Mercedes-Benz estate cars are widely regarded as among the best load-luggers you can buy, traditionally offering a winning blend of practicality with great comfort. They were never cheap, but the pedigree inherent in the three-pointed star atop the bonnet will always go hand in hand with a premium price.
It’s now 40 years since Mercedes-Benz launched its first factory-built estate, on the platform of the long-running – and highly regarded – W123 series. The saloon version made its debut in early 1976.
They were engineered to behave exactly the same as the existing saloon version, even when fully laden or towing. The vehicles were built at a new production facility in Bremen, under the supervision of Mercedes staff from its headquarters in Stuttgart, so that the new model would be constructed to the same exacting standards as the rest of the range.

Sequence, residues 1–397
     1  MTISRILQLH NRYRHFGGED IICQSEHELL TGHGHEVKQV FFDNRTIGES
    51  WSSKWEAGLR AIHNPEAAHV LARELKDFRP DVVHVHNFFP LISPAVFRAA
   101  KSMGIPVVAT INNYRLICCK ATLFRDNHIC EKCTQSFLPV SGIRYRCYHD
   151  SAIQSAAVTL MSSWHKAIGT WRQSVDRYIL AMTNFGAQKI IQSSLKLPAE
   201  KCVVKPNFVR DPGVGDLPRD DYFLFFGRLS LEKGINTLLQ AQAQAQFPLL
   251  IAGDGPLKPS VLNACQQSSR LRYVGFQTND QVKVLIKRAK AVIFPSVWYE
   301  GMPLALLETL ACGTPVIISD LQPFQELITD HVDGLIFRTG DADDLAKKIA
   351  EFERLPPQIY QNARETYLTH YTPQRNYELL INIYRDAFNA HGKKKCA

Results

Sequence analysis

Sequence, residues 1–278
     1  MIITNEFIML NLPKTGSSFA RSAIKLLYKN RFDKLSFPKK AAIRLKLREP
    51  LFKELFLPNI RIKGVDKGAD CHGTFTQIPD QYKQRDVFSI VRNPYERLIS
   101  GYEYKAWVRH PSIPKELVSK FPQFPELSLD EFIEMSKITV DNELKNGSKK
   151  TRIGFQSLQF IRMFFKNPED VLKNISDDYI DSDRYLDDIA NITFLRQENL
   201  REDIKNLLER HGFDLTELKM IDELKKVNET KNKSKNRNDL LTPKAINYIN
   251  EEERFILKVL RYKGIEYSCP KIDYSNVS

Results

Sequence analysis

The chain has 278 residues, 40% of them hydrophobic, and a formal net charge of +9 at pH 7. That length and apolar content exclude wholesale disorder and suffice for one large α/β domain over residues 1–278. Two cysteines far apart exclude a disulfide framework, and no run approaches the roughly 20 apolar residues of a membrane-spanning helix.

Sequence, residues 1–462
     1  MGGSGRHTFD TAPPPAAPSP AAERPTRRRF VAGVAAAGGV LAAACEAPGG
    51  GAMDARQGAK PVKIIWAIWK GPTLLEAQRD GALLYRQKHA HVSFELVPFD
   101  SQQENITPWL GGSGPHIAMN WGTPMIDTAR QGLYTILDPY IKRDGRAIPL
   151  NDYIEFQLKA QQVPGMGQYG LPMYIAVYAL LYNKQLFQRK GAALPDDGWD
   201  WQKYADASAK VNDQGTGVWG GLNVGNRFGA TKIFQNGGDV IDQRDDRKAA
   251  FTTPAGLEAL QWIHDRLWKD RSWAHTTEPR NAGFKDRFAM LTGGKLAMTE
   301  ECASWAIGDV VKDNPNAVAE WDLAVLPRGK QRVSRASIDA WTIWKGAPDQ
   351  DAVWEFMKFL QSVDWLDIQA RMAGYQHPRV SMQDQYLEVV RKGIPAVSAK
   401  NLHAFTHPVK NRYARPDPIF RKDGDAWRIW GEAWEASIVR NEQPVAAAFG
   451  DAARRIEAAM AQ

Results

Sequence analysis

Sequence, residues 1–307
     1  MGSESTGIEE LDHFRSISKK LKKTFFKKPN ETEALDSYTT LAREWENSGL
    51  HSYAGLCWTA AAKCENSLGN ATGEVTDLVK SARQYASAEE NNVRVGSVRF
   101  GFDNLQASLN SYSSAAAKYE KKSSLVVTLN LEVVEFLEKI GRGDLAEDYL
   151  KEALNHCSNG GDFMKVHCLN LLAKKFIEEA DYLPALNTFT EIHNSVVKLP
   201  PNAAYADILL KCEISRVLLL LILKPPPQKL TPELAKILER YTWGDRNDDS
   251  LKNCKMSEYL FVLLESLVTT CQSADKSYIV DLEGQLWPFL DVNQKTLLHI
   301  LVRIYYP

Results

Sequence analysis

As well as the new extended bodywork at the rear, alterations included a strengthened rear chassis and tailgate (which was tested for its integrity in the event of a crash) along with engine-driven, self-levelling hydraulic suspension at the back.
Although these models would soon establish themselves as the most desirable estate cars in the world at the time, the demand was so great that Mercedes originally decided not to produce them in right-hand drive – although, eventually, the T (which stands for Tourismus und Transport) went on sale in the UK in 1980.